being gay is a "death style" that "causes the breakdown of the human body" — a "special rights" push that is more offensive to African Americans than "the n word"And:
it's "normal" to react violently to those who are gay: "We’ve always had a hostile response, or a disrespect if you will, for that kind of behavior."
A little fact-check
Just to get it out of the way, this: "they [Obama's people] want to overturn our state marriage amendment altogether," is just a wholesale fiction. The Obama administration has done nothing that endangers North Carolina's Amendment One. It's true his Department of Justice has offered opinions that will be helpful to opponents when they (likely) make the case against the constitutionality of the Federal Defense of Marriage Act (DOMA) at the Supreme Court next year. But even if plaintiffs get everything they ask for, the striking down of DOMA is almost certain to leave state constitutional bans intact. Obama has opined it's up to states to make these decisions. So, that's just a factual error.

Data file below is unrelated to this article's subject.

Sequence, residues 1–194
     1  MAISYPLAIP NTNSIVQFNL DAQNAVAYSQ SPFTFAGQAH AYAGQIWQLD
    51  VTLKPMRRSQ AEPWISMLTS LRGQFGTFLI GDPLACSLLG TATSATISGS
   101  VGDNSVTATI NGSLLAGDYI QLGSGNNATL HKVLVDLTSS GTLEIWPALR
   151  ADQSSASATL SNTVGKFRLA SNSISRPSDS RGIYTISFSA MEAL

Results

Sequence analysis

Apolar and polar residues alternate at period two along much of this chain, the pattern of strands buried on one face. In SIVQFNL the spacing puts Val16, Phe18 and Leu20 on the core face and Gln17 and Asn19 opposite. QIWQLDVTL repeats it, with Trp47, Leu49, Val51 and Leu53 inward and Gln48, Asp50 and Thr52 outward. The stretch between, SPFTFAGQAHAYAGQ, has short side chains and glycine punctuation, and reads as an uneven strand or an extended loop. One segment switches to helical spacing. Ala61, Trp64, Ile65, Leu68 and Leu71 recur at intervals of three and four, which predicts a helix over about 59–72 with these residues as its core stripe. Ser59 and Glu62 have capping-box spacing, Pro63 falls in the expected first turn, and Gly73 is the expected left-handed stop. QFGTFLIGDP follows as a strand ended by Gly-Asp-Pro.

This is consistent with NOM's race-baiting tactics
Politically, I think NOM and Wooden are biting off way more than they can chew. This strikes me as far more likely to damage Wooden—National Organization for Marriage and Republican's efforts to win elections in the Tar Heel state by infuriating the African American vote as they listen to their favorite radio stations. The spots are more likely to serve as very effective GOTV reminder for Obama's campaign.
The language is awfully inflammatory (no surprise from Wooden and NOM). "President Obama has turned his back on the values of our community." Really? I think there are a lot more to the African American community's values than just opposing gay marriage. And Romney sure the heck ain't fighting for African American values.